Thanks to Winter Olympics, China’s ice and snow industry takes off

2022-February-7 16:08 By: GMW.c

The Beijing 2022 Winter Olympics has given the country’s ice and snow sports industry a massive boost. According to the National Bureau of Statistics, a record 346 million Chinese people are now taking part in winter sports.

When Beijing won the bid in 2015 to host the Games, nearly a third of the winter sports that spectators will see in action at the Games hadn’t yet appeared in the country, and talents including athletes, coaches and referees were in great shortage. China then began to introduce a series of policies to boost winter sports products and services and attract more fans.

Since 2017, the General Administration of Sports of China has been selecting athletes from summer sports teams, and has trained over 2,000 domestic technical officials as well as a large number of ice and ski technicians.

Meanwhile, the sports and education departments have been promoting winter sports in schools. Thousands of schools in hundreds of cities now run winter sports courses including ice hockey, and have established winter sports student teams.

Zhang Qiangqiang, 5, has been taking a skiing class for the last two years. He can now ski on professional slopes. “I want to ski as well as Bing Dwen Dwen,” he said. Bing Dwen Dwen, a panda wearing a full-body shell of ice, is the mascot of the 2022 Winter Olympics. "Before Beijing’s successful bid, ice and snow sports were a niche sport with few professionals. It's now easier for people to find jobs in this field, and the kids are getting into it,” said Wang Chunlu, dean of the China Ice Hockey Academy of Beijing Sport University.

The popularity of winter sports is now on the up. In Beijing, citizens skate or drive ice vehicles on Kunming Lake. In Inner Mongolia, various public winter sports games including skating, skiing and snow football are being held. Even in warm southern cities such as Guangzhou, ice and snow festivals are in full swing. In Northwest China's Xinjiang Uyghur autonomous region, the Altay prefecture attracts numerous winter sports enthusiasts and tourists each winter. The sports here vary from ice fishing to cross-country skiing. People can also ski on ancient fur skis, made of pinewood and horsehide, which the area’s inhabitants have used as a means of getting around for literally thousands of years.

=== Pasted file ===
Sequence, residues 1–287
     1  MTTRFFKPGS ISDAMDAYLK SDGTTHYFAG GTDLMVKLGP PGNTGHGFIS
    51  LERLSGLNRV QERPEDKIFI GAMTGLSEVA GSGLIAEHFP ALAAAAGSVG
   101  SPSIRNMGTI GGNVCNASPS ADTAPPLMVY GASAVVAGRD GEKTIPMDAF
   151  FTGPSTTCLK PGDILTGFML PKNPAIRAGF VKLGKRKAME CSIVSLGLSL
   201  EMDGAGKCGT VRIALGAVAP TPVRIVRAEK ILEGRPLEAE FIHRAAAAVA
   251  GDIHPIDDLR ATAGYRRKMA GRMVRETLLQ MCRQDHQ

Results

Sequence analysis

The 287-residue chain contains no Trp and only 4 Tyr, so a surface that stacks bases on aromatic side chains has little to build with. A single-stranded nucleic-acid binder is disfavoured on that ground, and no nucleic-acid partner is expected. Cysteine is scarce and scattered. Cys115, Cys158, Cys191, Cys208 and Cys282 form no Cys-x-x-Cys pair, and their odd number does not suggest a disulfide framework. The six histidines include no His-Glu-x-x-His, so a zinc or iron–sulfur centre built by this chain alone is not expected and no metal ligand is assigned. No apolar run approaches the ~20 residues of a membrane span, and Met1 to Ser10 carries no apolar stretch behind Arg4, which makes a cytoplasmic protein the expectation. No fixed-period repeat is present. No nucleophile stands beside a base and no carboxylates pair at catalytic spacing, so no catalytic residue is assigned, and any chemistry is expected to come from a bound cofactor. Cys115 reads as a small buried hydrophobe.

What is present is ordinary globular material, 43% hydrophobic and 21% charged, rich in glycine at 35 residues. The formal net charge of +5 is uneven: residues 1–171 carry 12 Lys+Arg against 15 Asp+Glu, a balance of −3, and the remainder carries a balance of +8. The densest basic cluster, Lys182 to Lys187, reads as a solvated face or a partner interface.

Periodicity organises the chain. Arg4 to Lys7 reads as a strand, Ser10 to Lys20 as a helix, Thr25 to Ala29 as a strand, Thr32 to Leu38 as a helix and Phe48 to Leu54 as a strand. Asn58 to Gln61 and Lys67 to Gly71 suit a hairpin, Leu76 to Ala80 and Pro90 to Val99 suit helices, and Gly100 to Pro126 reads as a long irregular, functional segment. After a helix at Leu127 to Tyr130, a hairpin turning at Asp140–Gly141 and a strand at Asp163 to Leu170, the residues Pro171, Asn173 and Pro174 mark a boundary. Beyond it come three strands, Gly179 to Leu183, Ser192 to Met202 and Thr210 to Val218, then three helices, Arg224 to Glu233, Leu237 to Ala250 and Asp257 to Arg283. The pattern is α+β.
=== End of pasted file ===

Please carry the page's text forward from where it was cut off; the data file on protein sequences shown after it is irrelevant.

By October 2021, for every four people living in China, one was taking part in snow and ice sports, with the National Bureau of Statistics chalking up an official participation rate of 24%. The Olympics venues are all slated to serve citizens after the Games. For example, ice and snow venues will be open to the public for free or at a low cost. Cultural and leisure activities will also be held in these venues, according to a spokesman from the General Administration of Sports of China.

“The Winter Olympics have thrust winter sports into the limelight. But, if the ice and snow industry are going to develop sustainably, we need public participation,” said Wang Xueli, director of Tsinghua University’s Center for the Development of the Sports Industry.

The winter sports industry in China now faces unprecedented opportunities. As of early 2021, China boasted 654 standard skating rinks, a surge of 317% over 2015, and 803 indoor and outdoor ski resorts, up 41% from 2015.

China’s ice and snow sports industry development report released in 2021 reveals that the total size of the industry grew from 270 billion yuan to 600 billion yuan between 2015 and 2020. The development of the industry has also created a slew of job opportunities. In Laiyuan county in Hebei province near Beijing, a villager who had been working in the mine for years found a new job at a local ski resort and now earns more than 7,000 yuan a month. The improvement of people’s living standards echoes President Xi Jinping’s remarks that “ice and snow are as valuable as gold and silver.”

According to China's winter sports development plan, the total scale of the ice and snow sports industry will top 1 trillion yuan by 2025.

Contributed by Liu Kun, Shang Wenchao and Zhang Sheng, Guangming Daily

Translated by by Huang Siyi, Shanghai International Studies University

Editor: WXY
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